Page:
Even if you know the definition of a substantial gainful activity (SGA), could you use it? Can you be sure that the last job you tried before you applied for Social Security disability benefits was SGA?
Charles Hall proposes that substantial gainful activity (SGA) has become just too complicated.
If one is engaging in SGA, one cannot be considered disabled, but SGA is a term of art. Work may not be SGA if low earnings, unsuccessful work attempts, made work, subsidized employment, impairment related work expenses, trial work periods, etc. are taken into consideration.
…The biggest problem now is that SGA is just too complicated. Claimants have no idea how it works. Even many Social Security employees who should understand how SGA works, don’t.
Continue reading Social Security and Substantial Gainful Activity
I previously wrote about the various exceptions which may allow you to keep your Social Security disability benefits even if you return to work. The most common of these is an Unsuccessful Work Attempt (UWA).
If you work for 6 months or less at a substantial gainful activity (SGA) level, your work may qualify as an Unsuccessful Work Attempt and not affect your application for benefits (or your current Social Security disability benefits if you have already won your case).
Another benefit of the Unsuccessful Work Attempt exception is that it applies for both Social Security Disability Insurance (20 CFR 404.1574) and Supplemental Security Income (SSI) (20 CFR 416.974) cases. This is a major difference between Unsuccessful Work Attempts and Trial Work Periods. Continue reading Social Security Disability and the Unsuccessful Work Attempt
Can a person work and still receive Social Security disability benefits or Supplemental Security Income (SSI) benefits?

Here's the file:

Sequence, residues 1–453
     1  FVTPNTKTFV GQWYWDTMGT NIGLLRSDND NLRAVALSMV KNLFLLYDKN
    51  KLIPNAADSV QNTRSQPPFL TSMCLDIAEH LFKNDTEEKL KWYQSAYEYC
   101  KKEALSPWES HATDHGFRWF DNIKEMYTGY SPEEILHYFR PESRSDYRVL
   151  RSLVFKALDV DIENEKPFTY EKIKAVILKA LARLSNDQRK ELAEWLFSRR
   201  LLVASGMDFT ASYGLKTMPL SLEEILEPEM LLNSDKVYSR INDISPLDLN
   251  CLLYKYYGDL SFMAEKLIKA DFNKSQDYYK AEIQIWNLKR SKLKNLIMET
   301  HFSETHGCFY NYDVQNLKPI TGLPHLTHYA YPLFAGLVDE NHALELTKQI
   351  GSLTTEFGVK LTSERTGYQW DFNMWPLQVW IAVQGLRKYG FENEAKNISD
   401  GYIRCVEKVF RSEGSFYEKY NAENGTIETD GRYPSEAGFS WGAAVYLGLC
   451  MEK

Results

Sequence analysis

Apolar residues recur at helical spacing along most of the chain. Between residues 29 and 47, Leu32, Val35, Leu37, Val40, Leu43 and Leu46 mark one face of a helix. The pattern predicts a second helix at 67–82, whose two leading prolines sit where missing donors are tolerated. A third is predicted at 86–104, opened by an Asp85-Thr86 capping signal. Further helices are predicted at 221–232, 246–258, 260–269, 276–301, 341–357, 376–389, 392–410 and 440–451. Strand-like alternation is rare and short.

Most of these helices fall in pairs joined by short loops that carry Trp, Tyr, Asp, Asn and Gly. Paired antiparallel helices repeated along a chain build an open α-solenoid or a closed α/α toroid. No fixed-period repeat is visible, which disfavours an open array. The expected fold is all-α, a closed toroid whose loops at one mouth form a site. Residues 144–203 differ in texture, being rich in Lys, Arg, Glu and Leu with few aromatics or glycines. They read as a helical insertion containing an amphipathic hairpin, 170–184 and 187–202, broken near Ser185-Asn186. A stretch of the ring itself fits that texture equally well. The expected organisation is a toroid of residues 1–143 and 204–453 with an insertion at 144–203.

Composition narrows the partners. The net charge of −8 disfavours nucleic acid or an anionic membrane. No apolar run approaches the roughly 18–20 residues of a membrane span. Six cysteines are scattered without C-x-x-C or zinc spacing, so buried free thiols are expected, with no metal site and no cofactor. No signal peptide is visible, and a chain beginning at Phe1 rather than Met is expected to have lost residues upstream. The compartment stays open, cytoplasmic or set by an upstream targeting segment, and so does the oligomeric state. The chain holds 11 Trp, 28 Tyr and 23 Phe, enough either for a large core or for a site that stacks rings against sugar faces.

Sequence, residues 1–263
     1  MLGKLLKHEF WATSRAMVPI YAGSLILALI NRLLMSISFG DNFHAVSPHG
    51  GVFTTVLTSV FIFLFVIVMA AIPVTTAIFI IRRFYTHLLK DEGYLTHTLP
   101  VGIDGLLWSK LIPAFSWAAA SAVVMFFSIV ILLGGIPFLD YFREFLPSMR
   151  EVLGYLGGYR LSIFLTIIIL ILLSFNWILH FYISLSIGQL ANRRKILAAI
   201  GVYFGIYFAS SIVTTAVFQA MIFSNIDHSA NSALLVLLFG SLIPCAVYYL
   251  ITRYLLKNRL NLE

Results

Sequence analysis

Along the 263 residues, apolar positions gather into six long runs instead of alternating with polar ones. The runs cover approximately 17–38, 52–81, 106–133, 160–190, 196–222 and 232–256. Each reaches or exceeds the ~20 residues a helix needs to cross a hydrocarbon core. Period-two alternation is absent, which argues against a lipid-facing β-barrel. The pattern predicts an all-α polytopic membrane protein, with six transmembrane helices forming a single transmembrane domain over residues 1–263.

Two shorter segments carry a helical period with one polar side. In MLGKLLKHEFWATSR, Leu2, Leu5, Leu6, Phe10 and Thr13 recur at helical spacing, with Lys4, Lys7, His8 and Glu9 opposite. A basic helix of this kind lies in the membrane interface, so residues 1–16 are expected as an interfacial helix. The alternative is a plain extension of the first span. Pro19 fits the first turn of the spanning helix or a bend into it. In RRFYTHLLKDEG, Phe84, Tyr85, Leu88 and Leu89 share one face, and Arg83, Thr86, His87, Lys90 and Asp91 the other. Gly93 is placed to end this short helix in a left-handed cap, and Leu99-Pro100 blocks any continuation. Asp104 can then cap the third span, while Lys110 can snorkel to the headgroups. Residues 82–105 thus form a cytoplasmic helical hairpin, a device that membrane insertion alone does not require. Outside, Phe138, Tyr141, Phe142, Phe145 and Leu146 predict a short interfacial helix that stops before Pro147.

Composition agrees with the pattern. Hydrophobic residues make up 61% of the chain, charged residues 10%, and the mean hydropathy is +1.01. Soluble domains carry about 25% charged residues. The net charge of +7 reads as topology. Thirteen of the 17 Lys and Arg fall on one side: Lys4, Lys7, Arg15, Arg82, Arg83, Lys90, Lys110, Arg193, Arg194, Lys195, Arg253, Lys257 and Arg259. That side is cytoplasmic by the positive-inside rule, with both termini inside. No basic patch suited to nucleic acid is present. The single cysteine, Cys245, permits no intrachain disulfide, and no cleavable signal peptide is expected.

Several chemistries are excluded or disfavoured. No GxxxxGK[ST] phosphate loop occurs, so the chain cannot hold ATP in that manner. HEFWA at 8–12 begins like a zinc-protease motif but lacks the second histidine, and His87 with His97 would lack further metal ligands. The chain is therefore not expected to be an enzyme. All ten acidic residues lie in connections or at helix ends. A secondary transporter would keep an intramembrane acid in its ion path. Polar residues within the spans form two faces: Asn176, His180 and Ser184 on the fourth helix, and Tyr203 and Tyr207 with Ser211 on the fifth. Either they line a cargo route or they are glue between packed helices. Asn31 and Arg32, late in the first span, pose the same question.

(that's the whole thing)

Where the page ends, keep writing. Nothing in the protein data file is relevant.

The answer is a qualified “yes.”
Social Security wants people to try to go back to work. But, the regulations surrounding keeping your benefits while you try to go back to work make it tricky.
Here is a primer to (hopefully) keep you out of trouble. This is stuff you have to know!
Continue reading Can I work and get Social Security disability or SSI?
Social Security encourages you to try to go back to work to see if you can do it. A Trial Work Period (TWP) lets you work and still be considered disabled by Social Security.
A beneficiary receiving Social Security disability benefits may test his or her ability to work and still be considered disabled. We do not consider services performed during the trial work period as showing that the disability has ended until services have been performed in at least 9 months (not necessarily consecutive) in a rolling 60-month period.
To sum up, a Trial Work Period lets you work and still be considered disabled by Social Security. Not only that, but Social Security does not count all the months you work, just the ones where you earn more than a threshold Trial Work Period amount: Continue reading Social Security disability and returning to work